Life with a car is hell. Life without a car is hell. Even buying a car is hell. Let me tell you about buying a car. You need a car to drive to dealers to view and buy a car. Buy a car online? Don't make me laugh, didn't you hear the trouble I'm having returning a microwave? An ornate calash? I'm considering it.

Gin and Tonic, Chicken Tika Masala, Coronation Chicken

As a brown man of Indo-Mautitian origin (like one-half of Braverman, but sane), it's hilarious the extent to which I enjoy the above tasty fare; a distasteful legacy of the bad old British Empire. Thank the gods I'm not an India Pale Ale craft beer hipster too.

For an un-blinkered of the rose-tinted cloud cuckoo lies of the past that our current government in the UK favours, you might want to seek out the work of Afua Hirsch, Marc Fennell, William Dalrymple, and Anita Anand. They are involved in podcasting, but since I despise promoting other podcasts, that is as much free publicity as I'm willing to give.

Roy's Double Devil Dogs

Sticking with both the food and the post-Halloween theme, I enjoyed hot dogs yesterday; my famous Double Devil Dogs that perhaps you may one day sample.

I experimented with adding sauerkraut somewhat unsuccessfully, as combining it with vinegary American mustard made it too sour. It made me think of achar (Indian fermented vegetable pickles) we've been enjoying lately. Just the ticket to reboot my flagging gut biome.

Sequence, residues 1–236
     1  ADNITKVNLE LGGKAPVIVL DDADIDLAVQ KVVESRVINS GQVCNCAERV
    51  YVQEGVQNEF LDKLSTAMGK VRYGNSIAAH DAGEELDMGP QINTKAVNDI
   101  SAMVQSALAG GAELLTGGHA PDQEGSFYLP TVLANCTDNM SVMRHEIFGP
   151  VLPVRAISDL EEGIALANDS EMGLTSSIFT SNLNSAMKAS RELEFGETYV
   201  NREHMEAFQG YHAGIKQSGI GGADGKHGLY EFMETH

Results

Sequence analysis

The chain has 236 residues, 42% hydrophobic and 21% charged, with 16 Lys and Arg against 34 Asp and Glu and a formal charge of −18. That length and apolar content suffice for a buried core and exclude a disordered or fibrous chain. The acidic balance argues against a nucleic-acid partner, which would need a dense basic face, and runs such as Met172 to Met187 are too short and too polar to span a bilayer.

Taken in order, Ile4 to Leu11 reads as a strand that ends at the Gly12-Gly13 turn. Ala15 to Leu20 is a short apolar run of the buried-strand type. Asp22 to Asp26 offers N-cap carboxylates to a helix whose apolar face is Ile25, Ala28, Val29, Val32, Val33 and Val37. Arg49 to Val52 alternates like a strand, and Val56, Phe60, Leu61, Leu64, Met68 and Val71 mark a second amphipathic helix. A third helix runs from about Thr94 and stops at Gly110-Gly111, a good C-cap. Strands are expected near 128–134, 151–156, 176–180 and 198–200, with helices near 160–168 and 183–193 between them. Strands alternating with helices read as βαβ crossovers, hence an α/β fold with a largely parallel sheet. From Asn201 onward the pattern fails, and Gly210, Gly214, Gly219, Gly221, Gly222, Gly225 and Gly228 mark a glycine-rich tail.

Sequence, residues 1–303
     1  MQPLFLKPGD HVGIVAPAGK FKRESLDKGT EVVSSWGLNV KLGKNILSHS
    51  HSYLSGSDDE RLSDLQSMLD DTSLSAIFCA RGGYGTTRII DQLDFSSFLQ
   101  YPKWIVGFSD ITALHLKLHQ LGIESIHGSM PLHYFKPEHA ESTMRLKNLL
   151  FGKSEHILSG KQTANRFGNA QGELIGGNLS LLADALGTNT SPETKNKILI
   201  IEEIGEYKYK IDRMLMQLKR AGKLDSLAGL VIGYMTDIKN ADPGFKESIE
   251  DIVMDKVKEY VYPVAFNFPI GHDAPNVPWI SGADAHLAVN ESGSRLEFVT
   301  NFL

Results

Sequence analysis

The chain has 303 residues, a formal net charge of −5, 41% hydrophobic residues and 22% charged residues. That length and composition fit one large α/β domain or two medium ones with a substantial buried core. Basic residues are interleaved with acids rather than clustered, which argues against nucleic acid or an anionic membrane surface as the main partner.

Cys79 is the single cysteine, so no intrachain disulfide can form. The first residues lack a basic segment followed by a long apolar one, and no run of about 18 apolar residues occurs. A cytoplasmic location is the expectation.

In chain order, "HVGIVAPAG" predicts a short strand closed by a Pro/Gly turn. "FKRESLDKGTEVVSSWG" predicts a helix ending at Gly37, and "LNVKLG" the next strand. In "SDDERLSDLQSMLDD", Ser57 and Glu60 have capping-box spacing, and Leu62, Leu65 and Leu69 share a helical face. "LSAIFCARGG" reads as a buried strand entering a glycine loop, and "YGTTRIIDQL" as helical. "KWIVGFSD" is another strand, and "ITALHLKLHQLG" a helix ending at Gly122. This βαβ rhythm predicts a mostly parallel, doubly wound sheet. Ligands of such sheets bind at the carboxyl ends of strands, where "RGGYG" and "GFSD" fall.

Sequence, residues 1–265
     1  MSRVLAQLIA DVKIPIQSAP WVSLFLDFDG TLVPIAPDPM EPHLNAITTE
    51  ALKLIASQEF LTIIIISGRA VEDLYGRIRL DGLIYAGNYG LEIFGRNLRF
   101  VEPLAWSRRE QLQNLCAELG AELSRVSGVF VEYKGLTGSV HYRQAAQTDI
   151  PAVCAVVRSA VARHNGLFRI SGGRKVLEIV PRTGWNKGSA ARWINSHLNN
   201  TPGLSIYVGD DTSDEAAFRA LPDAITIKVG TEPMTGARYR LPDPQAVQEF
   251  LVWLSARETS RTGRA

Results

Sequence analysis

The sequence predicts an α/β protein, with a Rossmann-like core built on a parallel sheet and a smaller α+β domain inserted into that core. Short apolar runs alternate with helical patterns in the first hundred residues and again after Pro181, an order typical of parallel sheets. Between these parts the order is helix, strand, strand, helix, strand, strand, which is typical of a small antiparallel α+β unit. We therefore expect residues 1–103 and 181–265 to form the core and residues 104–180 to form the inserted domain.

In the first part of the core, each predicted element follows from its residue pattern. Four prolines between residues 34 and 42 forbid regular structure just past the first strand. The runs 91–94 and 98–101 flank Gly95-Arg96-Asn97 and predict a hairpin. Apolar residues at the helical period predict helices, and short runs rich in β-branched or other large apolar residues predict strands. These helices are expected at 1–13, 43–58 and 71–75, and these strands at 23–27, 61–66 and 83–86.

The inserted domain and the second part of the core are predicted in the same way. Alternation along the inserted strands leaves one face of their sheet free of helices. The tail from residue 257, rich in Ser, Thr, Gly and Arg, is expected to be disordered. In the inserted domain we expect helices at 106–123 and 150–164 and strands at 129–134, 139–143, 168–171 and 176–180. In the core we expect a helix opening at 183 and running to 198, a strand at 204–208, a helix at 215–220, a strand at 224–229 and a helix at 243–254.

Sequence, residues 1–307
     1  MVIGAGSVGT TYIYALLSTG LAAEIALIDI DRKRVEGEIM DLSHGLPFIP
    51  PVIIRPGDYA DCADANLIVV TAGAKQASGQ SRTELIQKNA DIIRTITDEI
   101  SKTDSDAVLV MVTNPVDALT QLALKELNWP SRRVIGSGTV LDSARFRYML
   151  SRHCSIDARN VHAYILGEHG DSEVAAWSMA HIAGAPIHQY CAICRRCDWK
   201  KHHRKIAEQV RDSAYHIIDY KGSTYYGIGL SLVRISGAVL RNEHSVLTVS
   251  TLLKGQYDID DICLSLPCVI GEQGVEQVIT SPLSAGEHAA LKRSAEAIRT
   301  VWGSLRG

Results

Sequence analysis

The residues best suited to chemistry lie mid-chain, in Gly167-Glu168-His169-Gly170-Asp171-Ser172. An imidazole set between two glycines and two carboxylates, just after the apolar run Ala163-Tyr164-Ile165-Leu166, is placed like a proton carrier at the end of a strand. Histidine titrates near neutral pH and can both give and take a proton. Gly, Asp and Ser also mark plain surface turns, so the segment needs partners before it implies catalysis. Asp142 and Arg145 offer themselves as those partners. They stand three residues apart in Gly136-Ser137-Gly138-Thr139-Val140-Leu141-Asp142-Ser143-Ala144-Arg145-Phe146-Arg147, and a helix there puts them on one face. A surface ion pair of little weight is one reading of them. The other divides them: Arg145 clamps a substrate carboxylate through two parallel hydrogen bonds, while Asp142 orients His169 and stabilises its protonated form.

A Goth Explanation for a Solo Podcast

I'm sorry for going over old ground, but I've having one of those existential creative crisises, but let me goth it up by wrapping it in comfortable crushed black velvet.

I'm too young, too old, too eclectic, too much of a non-joiner and, ironically, far too grim to be a goth, despite my pop cultural preferences. Insert here memories of poor horror-averse Dad taking his gleeful son to the London Dungeons at what age?! (Before uni I went punk and at uni I spent a delightful year looking like Siousxe Sioux. I wish I had photographs).

Which brings us onto the famously vehemently non-self-defining-as-such proto-goth Andrew Eldritch, both a fantastically talented and a fantastically disagreeable man (well, he was a drummer, though I've heard he's mellowed with age), of whom Redditor DeadDeadCool said two years ago, "He's definitely one of the only artists I've liked that I never had any desire to meet".

Combine my cellular level inability to be part of any fandom or to meet celebrities---placing myself in an uncomfortable hero worshipper-to-hero power dynamic---and extend that quote about Eldritch to every other star of stage, screen, and lit, and those are a couple of the reasons I no longer have the inclination to interview anyone for this podcast.

All this has already been said, but my unwillingness to assume the role of interviewer doesn't do the show any favours and that troubles me. Despite what you may think, it's not difficult to contact notable people once you are in the PR loop. But meeting them? Whenever I debate whether to start interviewing again, what I always come back to is that I'd rather explore what their output means to me, than them as a person.

As an avid podcast listener myself, those are the type of geek shows I gravitate towards. So, if you are a prospective podcaster, do that. What am I saying? Don't do that. I've already filled that niche. Think up your own damn ideas! Hello, other podcasters listening in. I know I wasn't the first, but I love getting your knickers in a twist. You thought Andrew William Harvey Taylor was disagreeable? You have no idea.

Hammer House of Horror

Catch up with my new revisit show, started over Halloween, in which I take you back to the wonderfully schlocky cheap thrills of 1980's Hammer House of Horror.

Catch you on the freak side, my friends.